For the stress part of the examination, you will exercise by either walking on a treadmill or pedaling a stationary bicycle for a few minutes. While you exercise, the electrical activity of your heart will be monitored by electrocardiography (ECG), and your blood pressure will be measured frequently. Before you stop exercising, you will be given the radiopharmaceutical through a line leading into a vein in your arm. The compound is given when the blood flow to the heart is at its peak caused by your exercising. This provides the best opportunity to identify regions of the heart that are not receiving adequate blood flow.
One minute later, you will stop exercising. Approximately one half-hour later, you lay on an examining table, and the gamma camera will then be used to obtain images. The gamma camera will move slowly and automatically in an arc over the front of your chest after it is positioned initially by the technologist.
The images obtained after exercise must usually be compared with images of your heart obtained after injection of the same radiopharmaceutical while you are resting. This may be performed before or after the exercise part of the examination, depending on the protocol used. Comparison of the exercise and resting images is done to determine whether coronary blood flow has changed once you have rested, and to help evaluate for coronary artery disease.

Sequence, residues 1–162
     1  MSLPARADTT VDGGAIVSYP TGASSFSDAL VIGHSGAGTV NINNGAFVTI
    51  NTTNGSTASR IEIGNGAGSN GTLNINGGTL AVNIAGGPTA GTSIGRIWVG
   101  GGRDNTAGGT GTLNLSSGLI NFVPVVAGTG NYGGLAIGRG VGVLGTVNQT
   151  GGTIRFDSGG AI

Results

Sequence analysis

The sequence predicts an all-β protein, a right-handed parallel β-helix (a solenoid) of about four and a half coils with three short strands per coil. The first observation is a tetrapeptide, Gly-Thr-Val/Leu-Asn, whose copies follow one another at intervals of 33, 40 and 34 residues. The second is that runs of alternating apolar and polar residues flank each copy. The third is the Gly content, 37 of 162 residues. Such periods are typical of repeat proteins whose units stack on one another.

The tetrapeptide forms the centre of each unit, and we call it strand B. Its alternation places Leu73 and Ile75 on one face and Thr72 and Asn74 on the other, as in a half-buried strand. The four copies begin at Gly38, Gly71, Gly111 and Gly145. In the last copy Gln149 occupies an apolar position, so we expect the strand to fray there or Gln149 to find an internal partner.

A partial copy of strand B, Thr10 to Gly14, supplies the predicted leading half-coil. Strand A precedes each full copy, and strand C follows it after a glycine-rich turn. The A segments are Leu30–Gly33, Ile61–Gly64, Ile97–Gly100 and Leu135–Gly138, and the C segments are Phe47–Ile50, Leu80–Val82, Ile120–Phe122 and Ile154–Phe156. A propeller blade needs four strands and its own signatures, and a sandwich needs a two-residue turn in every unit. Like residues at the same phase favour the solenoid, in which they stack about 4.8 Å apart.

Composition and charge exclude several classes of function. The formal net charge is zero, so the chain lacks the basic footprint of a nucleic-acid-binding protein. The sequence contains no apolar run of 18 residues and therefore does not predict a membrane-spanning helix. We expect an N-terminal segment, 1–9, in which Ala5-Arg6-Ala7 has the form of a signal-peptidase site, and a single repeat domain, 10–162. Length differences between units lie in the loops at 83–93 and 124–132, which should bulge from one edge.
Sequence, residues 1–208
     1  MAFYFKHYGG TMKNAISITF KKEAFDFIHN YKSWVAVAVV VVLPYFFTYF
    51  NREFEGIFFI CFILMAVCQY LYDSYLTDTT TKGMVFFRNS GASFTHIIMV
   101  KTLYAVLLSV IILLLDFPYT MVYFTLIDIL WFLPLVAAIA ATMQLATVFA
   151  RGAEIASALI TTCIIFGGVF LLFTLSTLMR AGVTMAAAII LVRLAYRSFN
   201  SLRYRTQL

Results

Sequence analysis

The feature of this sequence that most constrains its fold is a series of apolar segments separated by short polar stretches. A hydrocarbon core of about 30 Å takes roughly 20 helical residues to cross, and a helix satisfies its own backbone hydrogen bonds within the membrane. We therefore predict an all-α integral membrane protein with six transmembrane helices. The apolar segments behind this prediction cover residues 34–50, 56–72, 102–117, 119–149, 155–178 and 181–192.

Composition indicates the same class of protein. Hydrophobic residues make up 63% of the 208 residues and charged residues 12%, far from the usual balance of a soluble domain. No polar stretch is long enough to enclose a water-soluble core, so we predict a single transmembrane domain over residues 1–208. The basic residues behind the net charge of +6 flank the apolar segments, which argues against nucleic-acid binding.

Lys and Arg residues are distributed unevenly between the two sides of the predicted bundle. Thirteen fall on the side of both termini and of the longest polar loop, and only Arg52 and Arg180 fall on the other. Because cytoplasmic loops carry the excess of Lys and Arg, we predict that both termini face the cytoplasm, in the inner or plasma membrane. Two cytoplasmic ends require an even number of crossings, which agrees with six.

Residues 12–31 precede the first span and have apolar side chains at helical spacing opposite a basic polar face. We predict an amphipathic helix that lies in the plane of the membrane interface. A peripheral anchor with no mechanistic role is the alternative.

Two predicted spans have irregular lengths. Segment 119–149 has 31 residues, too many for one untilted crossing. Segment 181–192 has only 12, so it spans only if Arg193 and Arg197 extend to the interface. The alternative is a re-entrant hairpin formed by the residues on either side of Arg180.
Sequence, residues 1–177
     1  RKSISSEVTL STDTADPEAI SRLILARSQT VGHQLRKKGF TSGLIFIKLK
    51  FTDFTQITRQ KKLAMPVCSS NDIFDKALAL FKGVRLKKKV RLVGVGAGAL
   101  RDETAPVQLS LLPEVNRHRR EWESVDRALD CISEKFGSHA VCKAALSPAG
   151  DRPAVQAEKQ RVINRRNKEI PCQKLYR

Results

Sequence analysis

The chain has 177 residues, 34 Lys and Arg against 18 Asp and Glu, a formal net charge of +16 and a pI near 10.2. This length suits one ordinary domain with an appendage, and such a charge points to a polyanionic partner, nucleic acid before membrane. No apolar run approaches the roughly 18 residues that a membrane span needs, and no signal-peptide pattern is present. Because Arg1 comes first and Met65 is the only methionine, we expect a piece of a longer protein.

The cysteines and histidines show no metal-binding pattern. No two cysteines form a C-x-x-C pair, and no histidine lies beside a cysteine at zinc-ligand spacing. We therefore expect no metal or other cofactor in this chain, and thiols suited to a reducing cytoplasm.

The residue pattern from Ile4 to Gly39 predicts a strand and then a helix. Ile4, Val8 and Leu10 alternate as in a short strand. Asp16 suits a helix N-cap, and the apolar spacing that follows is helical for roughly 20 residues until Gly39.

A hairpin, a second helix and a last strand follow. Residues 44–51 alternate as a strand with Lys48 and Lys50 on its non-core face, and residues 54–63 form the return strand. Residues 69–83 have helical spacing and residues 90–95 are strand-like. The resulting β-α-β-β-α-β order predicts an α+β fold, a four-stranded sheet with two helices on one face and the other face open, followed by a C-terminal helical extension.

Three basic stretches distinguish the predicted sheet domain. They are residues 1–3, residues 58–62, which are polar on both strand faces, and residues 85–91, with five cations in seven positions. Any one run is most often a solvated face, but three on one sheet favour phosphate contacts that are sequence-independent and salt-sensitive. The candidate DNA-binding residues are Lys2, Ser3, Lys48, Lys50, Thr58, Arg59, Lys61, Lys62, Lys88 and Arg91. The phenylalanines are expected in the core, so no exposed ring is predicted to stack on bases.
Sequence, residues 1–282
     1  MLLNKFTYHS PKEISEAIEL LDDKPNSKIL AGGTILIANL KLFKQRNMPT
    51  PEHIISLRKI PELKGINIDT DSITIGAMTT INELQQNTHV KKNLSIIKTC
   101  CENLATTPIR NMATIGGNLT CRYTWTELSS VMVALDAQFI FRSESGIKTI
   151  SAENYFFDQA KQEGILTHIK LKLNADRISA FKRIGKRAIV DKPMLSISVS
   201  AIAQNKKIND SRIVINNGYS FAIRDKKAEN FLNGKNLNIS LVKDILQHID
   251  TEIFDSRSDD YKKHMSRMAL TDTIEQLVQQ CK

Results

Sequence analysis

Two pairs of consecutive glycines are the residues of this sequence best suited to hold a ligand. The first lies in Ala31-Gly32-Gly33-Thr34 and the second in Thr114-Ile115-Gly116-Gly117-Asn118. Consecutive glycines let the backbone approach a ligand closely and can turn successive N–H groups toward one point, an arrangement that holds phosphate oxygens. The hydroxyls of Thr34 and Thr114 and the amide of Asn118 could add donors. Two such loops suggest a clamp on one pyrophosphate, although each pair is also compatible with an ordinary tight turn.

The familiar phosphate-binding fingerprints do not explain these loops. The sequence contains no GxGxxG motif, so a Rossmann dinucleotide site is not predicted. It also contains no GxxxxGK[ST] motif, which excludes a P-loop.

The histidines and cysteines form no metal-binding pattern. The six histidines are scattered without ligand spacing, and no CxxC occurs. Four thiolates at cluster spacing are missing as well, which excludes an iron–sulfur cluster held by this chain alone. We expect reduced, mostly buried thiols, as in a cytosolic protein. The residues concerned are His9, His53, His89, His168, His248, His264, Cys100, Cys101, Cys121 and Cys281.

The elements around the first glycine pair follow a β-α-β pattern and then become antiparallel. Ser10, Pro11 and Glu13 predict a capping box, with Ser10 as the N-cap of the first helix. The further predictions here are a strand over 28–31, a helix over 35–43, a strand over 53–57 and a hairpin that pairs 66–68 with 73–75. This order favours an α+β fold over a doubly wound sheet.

If you are unable to use a treadmill or bicycle, you will not exercise but be given a drug that will increase the blood flow to your heart, as if you had exercised. You will then be given the radiopharmaceutical.
Immediately after the procedure, the technologist will check the quality of the images to ensure that an optimal diagnostic study has been performed.